Andrew Young came up short in his bid to make history as Georgia's first black governor, falling to Lt. Gov. Zell Miller in a Democratic runoff. Kansas Gov. Mike Hayden survived a scare, edging a Republican primary opponent who blamed him for higher property taxes.
"Don't say that I didn't run a good campaign," said Young, the former Atlanta mayor, congressman and U.N. ambassador, said. "Say that Zell Miller ran a better campaign."With 99 percent of precincts reporting, Miller had 576,226 votes, or 62 percent. Young had 352,159 votes, or 38 percent.
The loser called for party unity and termed Miller his "former opponent, but my friend."
Young, 58, had hoped to follow in the footsteps of L. Douglas Wilder of Virginia, who last November became the nation's first black elected governor.
He finished 12 points behind Miller in the primary July 17 after a genteel campaign in which race was rarely mentioned. For the runoff, Young went on the offensive, attacking Miller's ties to the banking industry and resurrecting the label "Zig-Zag Zell" that was hung on Miller 10 years ago to suggest he changed positions for political expediency.
Miller, whose main issue was support for a state lottery, faces Republican Johnny Isakson in November. Democratic Gov. Joe Frank Harris was barred by law from seeking a third consecutive term.
In Kansas, Hayden narrowly defeated real estate executive Nestor Weigand Jr., the strongest of five primary challengers. In an upset on the Democratic side, state Treasurer Joan Finney wrecked former Gov. John Carlin's hopes of a comeback.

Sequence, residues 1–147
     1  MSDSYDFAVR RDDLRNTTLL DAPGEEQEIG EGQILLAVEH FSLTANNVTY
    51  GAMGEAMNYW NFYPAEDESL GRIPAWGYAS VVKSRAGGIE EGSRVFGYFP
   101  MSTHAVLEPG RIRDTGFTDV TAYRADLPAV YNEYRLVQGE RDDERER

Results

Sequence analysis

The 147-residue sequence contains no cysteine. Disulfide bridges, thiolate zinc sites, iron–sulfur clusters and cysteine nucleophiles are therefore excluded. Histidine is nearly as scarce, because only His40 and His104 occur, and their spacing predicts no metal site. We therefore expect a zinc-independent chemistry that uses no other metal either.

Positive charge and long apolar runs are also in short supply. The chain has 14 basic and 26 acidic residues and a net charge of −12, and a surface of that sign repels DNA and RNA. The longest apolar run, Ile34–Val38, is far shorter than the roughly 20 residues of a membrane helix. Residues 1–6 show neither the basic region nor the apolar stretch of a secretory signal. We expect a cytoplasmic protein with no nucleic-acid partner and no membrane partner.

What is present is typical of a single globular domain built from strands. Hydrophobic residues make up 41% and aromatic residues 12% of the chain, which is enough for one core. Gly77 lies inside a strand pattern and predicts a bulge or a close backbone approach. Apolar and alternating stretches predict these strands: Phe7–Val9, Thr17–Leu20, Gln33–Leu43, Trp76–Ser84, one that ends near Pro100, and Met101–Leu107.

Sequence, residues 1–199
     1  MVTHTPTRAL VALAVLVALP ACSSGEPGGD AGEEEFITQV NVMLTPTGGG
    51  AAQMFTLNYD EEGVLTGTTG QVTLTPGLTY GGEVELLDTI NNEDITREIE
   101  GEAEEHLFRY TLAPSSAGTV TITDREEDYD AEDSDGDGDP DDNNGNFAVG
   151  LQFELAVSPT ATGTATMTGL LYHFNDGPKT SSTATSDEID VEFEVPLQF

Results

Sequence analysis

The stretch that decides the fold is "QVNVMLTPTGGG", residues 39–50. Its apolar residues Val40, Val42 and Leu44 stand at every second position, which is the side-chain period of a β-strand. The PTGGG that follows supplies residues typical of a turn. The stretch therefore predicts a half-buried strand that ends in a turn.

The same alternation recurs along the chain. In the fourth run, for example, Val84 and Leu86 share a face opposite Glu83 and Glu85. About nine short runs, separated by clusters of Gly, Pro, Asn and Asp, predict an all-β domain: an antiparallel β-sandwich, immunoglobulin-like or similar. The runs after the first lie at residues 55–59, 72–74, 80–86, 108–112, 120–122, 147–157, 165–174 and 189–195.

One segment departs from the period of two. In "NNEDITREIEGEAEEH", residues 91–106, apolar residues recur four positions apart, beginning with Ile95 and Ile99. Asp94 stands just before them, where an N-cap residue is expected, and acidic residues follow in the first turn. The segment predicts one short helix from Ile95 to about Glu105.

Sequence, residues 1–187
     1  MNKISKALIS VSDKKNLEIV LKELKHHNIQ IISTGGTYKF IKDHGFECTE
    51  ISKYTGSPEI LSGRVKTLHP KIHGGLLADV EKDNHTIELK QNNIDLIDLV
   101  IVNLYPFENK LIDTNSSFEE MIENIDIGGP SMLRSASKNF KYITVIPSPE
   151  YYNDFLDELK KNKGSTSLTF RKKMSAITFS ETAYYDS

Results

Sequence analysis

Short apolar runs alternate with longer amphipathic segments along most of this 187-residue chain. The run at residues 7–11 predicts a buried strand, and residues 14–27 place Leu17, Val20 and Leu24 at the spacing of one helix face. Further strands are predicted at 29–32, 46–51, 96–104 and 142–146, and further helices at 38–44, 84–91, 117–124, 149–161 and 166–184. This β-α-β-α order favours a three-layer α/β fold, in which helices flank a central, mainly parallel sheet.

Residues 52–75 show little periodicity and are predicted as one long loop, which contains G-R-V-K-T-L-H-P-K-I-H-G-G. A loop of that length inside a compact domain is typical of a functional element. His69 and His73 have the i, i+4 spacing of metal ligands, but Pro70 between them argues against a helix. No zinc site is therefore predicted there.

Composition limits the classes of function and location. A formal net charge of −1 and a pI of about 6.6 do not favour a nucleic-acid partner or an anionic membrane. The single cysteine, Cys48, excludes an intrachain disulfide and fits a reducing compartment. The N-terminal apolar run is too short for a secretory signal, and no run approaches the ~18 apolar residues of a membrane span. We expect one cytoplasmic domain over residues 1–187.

Highlights of primaries in 4 states
Here are highlights of primary balloting in four states Tuesday:
Governor: Lt. Gov. Zell Miller defeated Andrew Young in a runoff for the Democratic nomination for governor. Miller will meet Republican Johnny Isakson.
Governor: First-term Gov. Mike Hayden edged real estate executive Nestor Weigand Jr. in a six-way Republican primary. State Treasurer Joan Finney won the Democratic nomination, upsetting former Gov. John Carlin.
Senate: GOP Sen. Nancy Kassebaum swamped political unknown Gregory Walstrom to win nomination to a third term. Former Rep. Bill Roy won the Democratic Senate primary. Even though he tried to get off the ballot, he drew more votes than political newcomer Dick Williams of Wichita.
Governor: Republicans chose Sen. John Engler over General Motors engineer John Lauve to challenge two-term Democrat James Blanchard.
Senate: Republican Rep. Bill Schuette defeated lawyer Clark Durant for the right to oppose Democrat Carl Levin, who is seeking a third term.
Rep. Richard Gephardt, the House majority leader, won the Democratic nomination for an eighth term, trouncing Nicholas F. Clement, a newspaper carrier who is a follower of extremist Lyndon LaRouche.